There are very clear parallels to the world in which John Brown was navigating leading up to the American Civil War. It’s a world where violence was wrongly justified, and the fractionalization of society led to ever-escalating civil unrest. It was a time of drastic societal change, and that interests me. Speaking more generally, I am drawn to moments in history when there was a spontaneous combustion of revolutionary political activity. Maybe not so much your textbook definition of a revolution, but rather revolutionary acts that changed the direction of human history. The world shifted and changed in a traceable way. – Rush Baker IV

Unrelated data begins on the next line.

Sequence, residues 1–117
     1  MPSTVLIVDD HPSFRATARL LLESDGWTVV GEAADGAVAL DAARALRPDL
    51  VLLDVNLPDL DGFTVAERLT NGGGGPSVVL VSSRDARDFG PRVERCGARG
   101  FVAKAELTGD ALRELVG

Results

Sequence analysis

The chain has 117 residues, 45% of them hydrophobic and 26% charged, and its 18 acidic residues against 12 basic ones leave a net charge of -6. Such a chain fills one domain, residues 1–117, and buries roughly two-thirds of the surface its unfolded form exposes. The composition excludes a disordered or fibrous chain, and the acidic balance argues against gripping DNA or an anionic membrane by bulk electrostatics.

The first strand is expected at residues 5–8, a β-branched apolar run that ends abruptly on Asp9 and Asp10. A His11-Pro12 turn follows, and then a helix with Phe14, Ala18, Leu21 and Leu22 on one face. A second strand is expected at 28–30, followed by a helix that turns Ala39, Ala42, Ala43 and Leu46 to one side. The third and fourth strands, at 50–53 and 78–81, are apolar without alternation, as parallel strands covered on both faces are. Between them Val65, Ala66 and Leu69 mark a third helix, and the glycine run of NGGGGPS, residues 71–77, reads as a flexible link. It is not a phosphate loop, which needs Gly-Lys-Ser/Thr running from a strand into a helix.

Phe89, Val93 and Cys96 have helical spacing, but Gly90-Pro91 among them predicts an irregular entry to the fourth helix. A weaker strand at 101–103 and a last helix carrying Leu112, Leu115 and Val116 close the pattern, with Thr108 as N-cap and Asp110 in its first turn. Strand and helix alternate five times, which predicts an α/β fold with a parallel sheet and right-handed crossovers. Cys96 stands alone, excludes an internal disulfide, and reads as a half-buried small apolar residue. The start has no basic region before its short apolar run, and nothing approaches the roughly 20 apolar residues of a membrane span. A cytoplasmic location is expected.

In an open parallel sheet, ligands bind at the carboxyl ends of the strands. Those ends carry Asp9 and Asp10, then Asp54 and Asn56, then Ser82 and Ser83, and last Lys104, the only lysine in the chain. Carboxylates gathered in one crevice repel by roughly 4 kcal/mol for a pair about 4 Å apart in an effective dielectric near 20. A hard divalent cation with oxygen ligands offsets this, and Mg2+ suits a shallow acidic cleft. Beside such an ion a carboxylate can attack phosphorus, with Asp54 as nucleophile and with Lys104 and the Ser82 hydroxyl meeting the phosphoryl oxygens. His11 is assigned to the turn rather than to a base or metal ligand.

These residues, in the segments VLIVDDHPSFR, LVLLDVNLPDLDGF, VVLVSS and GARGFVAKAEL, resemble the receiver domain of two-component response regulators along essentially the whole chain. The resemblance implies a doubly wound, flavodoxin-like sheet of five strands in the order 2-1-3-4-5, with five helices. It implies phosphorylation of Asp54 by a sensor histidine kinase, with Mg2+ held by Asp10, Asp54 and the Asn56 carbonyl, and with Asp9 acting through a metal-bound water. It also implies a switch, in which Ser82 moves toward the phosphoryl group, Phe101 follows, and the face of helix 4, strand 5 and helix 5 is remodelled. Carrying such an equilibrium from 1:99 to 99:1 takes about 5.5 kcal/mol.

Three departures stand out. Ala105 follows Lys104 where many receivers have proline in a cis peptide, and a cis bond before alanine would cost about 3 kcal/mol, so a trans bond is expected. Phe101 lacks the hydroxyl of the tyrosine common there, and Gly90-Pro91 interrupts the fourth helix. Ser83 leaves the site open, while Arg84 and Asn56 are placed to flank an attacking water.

The vibrant, energetic paintings of Maryland-based Rush Baker IV invite the viewer into the revolution, exploring current social justice issues through historical events like the abolitionist John Brown’s Harper Ferry Raid in 1859. Silhouetted figures appear throughout Baker’s canvas, drawn from the illustrations published in newspapers depicting Brown’s capture of the nation’s armory and arsenal in Harper’s Ferry, Virginia, with the hopes that the arsenal would be used to arm and free the enslaved people of Virgina and ultimately the entire South. Baker’s process begins with historical imagery that is layered under plaster and paint, sanded away and then repeated. Baker has exhibited nationally and internationally, including solo exhibitions at Scaramouche Gallery and The Cooper Union, New York; and Honfleur Gallery, Washington DC, and in group shows at The Third Line Gallery, Dubai; The Harvey B. Gantt Center, Charlotte; Museum of Contemporary African Diasporan Arts, Brooklyn; Koki Arts, Tokyo; and Yale University.